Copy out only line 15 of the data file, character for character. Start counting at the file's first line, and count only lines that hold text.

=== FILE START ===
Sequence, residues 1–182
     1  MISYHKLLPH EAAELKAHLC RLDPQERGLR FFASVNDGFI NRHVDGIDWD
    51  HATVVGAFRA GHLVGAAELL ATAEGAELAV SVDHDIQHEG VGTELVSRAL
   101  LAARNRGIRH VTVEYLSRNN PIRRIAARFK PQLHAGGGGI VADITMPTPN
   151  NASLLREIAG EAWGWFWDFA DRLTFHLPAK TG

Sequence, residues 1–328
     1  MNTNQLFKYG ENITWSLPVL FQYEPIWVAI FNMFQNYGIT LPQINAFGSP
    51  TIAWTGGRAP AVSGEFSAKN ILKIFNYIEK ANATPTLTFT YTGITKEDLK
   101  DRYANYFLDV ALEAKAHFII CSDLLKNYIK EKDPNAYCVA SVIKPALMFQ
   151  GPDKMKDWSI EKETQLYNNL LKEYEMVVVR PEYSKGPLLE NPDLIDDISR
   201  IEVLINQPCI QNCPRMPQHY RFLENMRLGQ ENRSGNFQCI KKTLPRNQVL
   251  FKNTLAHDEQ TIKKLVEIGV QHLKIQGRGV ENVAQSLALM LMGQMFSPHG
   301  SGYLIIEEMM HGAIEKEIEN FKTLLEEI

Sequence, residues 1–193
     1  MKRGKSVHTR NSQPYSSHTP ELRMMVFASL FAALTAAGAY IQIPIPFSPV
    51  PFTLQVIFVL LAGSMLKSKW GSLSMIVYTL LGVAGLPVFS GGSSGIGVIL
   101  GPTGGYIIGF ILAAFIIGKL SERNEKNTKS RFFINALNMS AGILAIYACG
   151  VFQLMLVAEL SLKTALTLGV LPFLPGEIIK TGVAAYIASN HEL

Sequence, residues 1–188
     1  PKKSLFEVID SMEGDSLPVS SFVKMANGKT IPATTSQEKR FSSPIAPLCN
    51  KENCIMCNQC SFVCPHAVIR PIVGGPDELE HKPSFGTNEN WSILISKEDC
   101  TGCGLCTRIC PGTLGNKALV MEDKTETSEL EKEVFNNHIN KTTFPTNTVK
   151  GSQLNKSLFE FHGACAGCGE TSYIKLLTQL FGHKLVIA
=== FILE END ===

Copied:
     1  MKRGKSVHTR NSQPYSSHTP ELRMMVFASL FAALTAAGAY IQIPIPFSPV